St. Louis Blunt Abdominal Vessel Trauma Lawyer
Blunt Abdominal Vessel Injuries
Within the abdominal cavity, the aorta (the largest blood vessel in the body that carries blood directly from your heart to the rest of the body) runs along the posterior aspect, near the spine, and eventually divides into two large vessels – the right and left iliacs, that are responsible for carrying blood to the legs. Coming off of the aorta are major branches that supply blood to all of the abdominal organs. An injury to any of these major blood vessels could be very devastating and lead to permanent organ damage or even wrongful death.
Blunt force to the abdomen transmits a shearing and tearing force to the abdominal aorta and its' major branches which can result in small tears in the vessel wall, occlusion of the vessel, or complete disruption. With a small tear in the vessel wall, the injury promotes blood clot formation which can break off and travel in the circulation, eventually blocking a vessel and occluding blood supply to that area of the body.
In the case of a small injury, such as small tear in the vessel wall, there may not be any associated symptoms initially. However, a blood clot will form and at some point, particularly with subsequent trauma, it can be dislodged and travel to a smaller vessel where it will occlude the blood flow. The occluded blood vessel can cause permanent damage to an organ or it can cause pain, weakness, and loss of feeling in the extremities.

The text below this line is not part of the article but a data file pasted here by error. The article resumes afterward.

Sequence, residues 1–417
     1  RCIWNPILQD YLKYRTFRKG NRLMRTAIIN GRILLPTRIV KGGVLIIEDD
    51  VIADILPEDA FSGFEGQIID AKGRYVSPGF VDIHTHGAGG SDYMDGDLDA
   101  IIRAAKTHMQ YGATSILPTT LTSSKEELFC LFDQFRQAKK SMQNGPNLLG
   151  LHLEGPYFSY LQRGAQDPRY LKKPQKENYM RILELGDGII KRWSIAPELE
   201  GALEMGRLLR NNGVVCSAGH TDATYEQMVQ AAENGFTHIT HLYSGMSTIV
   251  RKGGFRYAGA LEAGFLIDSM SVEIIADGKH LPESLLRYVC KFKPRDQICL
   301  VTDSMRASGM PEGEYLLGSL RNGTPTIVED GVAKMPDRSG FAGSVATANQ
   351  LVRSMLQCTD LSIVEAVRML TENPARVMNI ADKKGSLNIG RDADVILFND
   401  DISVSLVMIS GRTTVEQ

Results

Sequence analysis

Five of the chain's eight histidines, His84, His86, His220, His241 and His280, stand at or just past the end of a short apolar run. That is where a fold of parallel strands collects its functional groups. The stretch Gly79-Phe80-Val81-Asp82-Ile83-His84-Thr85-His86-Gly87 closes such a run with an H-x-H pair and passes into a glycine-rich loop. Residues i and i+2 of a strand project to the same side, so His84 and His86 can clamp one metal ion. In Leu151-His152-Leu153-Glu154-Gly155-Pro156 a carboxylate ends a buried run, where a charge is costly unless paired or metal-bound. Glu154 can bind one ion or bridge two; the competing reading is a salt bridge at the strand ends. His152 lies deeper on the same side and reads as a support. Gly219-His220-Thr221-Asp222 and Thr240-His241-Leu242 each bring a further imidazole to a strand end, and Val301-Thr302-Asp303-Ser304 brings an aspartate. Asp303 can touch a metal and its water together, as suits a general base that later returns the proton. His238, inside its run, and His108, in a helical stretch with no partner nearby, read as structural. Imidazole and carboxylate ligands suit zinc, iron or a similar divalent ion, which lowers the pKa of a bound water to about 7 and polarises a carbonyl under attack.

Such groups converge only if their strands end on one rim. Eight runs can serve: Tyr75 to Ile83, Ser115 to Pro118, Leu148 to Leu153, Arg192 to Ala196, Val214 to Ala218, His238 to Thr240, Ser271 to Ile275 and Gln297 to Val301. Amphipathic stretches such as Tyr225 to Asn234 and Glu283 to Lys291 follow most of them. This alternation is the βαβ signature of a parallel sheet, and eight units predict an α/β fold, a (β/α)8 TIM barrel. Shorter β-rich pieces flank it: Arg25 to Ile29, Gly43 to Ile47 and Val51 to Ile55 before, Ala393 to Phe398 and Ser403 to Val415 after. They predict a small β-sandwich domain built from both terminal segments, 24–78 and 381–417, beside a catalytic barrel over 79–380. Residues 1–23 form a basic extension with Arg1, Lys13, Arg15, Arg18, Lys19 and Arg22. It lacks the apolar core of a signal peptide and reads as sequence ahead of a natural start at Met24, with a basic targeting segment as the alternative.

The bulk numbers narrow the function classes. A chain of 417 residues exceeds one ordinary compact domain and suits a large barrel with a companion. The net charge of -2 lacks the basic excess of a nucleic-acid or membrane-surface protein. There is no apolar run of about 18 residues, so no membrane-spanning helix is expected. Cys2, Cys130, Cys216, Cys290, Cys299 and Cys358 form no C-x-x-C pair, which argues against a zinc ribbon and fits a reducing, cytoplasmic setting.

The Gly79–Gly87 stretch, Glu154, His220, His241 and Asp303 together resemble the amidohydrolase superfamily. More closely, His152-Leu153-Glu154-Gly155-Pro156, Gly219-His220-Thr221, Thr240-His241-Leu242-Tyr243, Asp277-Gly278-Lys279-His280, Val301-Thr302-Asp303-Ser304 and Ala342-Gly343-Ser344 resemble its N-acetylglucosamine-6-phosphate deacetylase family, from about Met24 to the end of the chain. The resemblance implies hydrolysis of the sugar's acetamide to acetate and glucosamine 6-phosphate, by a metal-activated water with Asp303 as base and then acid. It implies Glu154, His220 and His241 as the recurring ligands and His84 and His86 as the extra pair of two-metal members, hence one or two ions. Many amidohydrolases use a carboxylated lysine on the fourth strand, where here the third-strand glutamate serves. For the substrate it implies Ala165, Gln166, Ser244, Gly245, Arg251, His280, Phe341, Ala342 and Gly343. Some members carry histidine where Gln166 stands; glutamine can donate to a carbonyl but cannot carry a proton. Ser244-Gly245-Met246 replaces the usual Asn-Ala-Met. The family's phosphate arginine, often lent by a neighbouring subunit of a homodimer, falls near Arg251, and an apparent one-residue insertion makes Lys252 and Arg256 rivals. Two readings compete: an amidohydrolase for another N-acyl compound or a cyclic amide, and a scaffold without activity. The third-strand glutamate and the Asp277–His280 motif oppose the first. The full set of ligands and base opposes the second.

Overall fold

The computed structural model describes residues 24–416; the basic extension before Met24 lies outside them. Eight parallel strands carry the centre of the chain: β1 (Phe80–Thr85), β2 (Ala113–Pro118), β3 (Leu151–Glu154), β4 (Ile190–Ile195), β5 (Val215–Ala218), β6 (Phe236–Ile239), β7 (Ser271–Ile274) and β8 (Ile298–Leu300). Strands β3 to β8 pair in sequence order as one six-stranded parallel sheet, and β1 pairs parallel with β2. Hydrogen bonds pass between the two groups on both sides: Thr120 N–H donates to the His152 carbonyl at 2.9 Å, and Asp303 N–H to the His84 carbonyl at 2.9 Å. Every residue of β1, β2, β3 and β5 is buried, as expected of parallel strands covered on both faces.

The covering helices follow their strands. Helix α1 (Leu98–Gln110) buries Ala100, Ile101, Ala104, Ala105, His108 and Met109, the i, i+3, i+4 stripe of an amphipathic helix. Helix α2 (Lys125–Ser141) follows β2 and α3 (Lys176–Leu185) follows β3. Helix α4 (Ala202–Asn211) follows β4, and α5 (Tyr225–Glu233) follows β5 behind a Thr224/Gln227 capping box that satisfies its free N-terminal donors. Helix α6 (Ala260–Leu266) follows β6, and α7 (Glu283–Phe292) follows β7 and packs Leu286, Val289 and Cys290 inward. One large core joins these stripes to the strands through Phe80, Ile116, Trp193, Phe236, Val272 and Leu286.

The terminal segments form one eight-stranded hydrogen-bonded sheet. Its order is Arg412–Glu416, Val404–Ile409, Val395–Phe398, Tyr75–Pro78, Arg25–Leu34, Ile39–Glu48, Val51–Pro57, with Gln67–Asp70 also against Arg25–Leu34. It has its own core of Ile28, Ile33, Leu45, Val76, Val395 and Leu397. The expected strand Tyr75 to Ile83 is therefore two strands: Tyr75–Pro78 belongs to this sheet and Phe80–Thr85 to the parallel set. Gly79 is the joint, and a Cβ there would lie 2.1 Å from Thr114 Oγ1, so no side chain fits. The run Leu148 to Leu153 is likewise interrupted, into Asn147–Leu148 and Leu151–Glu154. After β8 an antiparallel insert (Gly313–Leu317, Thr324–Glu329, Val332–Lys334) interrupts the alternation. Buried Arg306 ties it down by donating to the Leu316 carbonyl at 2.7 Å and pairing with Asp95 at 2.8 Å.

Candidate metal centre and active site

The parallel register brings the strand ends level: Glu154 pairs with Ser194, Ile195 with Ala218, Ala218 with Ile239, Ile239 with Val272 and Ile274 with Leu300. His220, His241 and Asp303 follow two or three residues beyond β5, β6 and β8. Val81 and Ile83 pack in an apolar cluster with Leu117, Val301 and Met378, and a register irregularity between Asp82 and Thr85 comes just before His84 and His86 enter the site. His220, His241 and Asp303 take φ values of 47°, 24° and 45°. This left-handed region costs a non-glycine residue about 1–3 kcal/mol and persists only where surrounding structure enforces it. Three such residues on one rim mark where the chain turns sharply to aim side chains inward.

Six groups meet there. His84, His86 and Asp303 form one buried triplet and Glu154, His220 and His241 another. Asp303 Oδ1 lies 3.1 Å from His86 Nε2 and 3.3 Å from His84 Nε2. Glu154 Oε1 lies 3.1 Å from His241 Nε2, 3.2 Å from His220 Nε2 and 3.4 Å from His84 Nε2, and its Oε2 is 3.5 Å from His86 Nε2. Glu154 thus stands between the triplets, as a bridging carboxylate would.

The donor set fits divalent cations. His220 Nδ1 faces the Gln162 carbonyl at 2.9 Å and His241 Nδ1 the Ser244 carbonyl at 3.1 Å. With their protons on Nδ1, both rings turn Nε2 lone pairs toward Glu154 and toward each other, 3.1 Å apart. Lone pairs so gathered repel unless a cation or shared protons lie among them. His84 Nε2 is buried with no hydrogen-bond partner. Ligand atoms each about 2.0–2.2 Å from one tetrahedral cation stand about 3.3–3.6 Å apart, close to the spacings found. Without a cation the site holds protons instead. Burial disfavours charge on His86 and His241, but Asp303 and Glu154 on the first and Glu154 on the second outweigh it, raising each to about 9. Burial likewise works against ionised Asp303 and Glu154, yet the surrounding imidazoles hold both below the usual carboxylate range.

With a more severe injury, symptoms can include absent or diminished pulses in the lower extremities, shortness of breath, abdominal pain or pain radiating to the back. And with complete avulsion of the aorta, massive internal bleeding will be rapid and fatal. Symptoms of shock may be present with either of these cases – fast heart beat, rapid breathing, pale skin, and lightheadedness, or loss of consciousness.
Treatment and Prognosis
Treatment is surgical repair and/or stent placement to recreate an intact open vessel. A beta-blocker, such as metoprolol, may be given to control blood pressure and heart rate. A blood transfusion may be necessary with blood loss.
Mortality may be very high but those with a successful surgery have a good prognosis. However, with any surgical manipulation or injury to a vessel it always increases the chances of blood clot formation later in life.
Talk to John J. Page Today
Coping with an injury related to blunt abdominal vessel trauma caused in an accident is a complex process. Our St. Louis abdominal trauma lawyers can help take the burden off your shoulders as they review your case and give you the best advice on how you should move forward. Don't hesitate to call us at if you have any questions. We are here to help you.